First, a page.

finishing pig, copper, zinc, Ractopamine


A total of 480 pigs (PIC 327 × 1050; initially 107.4 lb) were used to determine the interactive effects of supplemental Cu, Zn, and Ractopamine HCl on finishing pig growth performance, carcass characteristics, and antimicrobial susceptibility of enteric bacteria. Dietary treatments were arranged in a 2 × 2 × 2 factorial with main effects of added copper sulfate (CuSO4; 0 vs. 125 ppm Cu), added zinc oxide (ZnO; 0 vs. 150 ppm Zn), and Ractopamine HCl (0 vs. 10 ppm during the last 28 d prior to marketing; Paylean®; Elanco Animal Health, Greenfield, IN). All finishing diets were fed in four phases in meal form and contained 11 ppm Cu and 73 ppm Zn from the trace mineral premix. The study design was structured as a randomized complete block design and replicated with two finishing groups. Pigs were randomly allotted to pens upon entry into the finisher barn. Pens of seven (group 1) or eight (group 2) pigs were balanced on initial BW and randomly allotted to 1 of the 4 mineral treatment diets with two treatment replications per weight block and four weight blocks per finishing group. At 28 d prior to marketing, pens within each block and mineral treatment were randomly assigned to receive either 0 or 10 ppm Ractopamine HCl in addition to the mineral treatment. At the conclusion of the 90-d (group 1) or 83-d (group 2) finishing period, carcass characteristics were measured. Adding Cu or Zn alone resulted in numerical improvements in overall F/G and caloric efficiencies; however, the improvements were not additive (Cu × Zn, P = 0.065, 0.068, and 0.064 for F/G and caloric efficiency on a ME and NE basis, respectively). No significant improvements were observed in overall ADG or ADFI due to added Cu and/or Zn. In contrast, Ractopamine HCl improved (P < 0.001) overall ADG, F/G, and caloric efficiency, thereby increasing final BW by 3% with no change in ADFI.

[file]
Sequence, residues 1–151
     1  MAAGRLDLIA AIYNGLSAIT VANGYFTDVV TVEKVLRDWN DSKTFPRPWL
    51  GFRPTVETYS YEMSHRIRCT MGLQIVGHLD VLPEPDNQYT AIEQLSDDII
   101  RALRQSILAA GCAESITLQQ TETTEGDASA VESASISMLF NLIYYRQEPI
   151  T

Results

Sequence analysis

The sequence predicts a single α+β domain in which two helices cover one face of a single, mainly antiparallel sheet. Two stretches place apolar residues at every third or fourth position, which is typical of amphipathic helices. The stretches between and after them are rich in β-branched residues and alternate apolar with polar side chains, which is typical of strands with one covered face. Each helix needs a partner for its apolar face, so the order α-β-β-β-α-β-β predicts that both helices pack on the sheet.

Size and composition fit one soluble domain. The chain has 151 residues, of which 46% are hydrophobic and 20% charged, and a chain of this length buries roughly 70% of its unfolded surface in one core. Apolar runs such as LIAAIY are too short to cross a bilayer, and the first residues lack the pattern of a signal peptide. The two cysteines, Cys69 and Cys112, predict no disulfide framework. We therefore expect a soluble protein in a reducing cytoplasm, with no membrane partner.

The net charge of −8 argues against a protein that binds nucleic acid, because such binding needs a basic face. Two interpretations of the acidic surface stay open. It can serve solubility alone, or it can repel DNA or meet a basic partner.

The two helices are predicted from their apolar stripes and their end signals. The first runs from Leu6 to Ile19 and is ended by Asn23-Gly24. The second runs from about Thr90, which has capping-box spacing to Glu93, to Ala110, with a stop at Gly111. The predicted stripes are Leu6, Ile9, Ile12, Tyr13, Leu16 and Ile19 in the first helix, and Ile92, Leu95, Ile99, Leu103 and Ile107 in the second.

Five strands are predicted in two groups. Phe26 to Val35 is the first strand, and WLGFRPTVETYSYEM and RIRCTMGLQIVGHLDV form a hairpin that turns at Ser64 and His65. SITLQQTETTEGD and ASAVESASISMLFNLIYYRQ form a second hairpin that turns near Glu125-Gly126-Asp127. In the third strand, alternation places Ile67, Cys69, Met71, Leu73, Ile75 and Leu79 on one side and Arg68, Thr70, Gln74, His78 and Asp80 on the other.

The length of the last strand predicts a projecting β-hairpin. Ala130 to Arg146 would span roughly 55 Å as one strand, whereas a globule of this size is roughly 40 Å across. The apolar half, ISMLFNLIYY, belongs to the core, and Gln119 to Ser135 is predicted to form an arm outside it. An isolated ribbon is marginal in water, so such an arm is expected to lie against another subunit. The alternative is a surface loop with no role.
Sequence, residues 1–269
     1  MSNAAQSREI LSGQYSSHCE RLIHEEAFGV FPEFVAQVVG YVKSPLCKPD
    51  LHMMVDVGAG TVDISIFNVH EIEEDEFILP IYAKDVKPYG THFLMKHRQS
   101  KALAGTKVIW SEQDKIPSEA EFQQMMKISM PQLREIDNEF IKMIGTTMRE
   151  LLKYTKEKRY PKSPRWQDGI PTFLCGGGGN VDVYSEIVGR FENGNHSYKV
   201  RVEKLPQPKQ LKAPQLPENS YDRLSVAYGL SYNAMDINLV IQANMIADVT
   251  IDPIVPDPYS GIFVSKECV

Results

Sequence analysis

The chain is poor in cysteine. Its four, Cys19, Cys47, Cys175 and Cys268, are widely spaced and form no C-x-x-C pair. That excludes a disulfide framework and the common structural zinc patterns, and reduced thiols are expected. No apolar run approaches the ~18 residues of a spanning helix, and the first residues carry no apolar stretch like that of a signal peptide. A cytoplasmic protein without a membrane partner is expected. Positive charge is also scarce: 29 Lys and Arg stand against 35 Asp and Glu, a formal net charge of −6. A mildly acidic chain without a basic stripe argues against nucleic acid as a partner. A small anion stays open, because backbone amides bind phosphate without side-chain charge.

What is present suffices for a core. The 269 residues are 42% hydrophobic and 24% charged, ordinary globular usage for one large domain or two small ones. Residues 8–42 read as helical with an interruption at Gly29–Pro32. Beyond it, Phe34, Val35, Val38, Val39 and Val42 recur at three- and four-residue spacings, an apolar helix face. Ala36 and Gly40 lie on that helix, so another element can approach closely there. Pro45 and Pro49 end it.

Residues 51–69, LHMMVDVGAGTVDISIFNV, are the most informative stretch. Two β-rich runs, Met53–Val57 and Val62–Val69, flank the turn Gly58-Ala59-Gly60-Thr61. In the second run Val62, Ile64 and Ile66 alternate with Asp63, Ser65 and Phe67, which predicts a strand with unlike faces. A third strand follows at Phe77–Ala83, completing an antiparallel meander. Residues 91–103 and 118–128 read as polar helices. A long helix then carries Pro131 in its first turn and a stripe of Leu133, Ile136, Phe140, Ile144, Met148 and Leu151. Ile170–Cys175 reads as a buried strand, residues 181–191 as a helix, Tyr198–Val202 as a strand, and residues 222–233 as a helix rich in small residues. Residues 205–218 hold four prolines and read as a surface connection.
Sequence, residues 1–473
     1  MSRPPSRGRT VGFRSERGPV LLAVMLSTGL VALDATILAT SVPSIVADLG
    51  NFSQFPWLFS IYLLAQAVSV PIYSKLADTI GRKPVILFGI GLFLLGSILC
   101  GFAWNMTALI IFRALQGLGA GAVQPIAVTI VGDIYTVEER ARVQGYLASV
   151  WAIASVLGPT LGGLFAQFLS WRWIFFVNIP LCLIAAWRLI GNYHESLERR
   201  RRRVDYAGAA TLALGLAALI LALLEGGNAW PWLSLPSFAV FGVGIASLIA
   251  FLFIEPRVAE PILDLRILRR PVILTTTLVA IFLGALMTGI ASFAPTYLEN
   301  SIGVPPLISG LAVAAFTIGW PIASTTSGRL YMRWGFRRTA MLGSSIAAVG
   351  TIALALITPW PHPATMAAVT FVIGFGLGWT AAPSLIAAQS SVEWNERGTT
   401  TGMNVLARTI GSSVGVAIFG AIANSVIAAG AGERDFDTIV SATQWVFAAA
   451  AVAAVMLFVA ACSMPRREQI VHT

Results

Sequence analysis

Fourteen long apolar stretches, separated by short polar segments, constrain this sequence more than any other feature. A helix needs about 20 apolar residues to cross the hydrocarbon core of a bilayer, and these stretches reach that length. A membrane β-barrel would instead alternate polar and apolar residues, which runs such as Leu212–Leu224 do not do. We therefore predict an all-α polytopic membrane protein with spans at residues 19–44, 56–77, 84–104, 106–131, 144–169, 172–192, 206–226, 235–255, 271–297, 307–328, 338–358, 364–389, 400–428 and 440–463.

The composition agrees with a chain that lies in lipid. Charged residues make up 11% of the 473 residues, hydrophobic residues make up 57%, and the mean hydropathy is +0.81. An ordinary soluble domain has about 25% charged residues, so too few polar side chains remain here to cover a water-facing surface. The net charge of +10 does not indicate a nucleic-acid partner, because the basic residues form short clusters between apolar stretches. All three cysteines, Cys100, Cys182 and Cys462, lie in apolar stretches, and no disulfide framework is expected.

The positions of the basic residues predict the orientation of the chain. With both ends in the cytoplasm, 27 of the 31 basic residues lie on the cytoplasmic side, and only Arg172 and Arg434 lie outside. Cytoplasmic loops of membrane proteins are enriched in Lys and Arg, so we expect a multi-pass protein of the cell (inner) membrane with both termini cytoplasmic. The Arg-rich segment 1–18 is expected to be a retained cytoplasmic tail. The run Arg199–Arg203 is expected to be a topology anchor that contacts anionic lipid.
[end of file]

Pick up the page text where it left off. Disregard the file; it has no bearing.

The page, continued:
Ractopamine HCl also increased (P < 0.001) HCW, percentage carcass yield, and HCW F/G. Adding Zn or Cu alone to diets containing Ractopamine HCl numerically improved percentage carcass yield and HCW F/G, but this effect was not present when the mineral was added to the control diet or when the minerals were fed in combination in the Ractopamine HCl diets (Cu × Zn × Ractopamine, P = 0.011 and 0.024 respectively). Regardless of HCW, pigs fed Ractopamine HCl had decreased (P = 0.014) backfat, increased (P < 0.001) loin depth, and percent fat-free lean. No effects of added minerals on these carcass traits were observed. In summary, the addition of 125 ppm Cu and/or 150 ppm Zn to diets containing Ractopamine HCl failed to improve finishing pig growth performance and carcass characteristics while 10 ppm Ractopamine HCl increased lean tissue deposition and improved feed and caloric efficiency.


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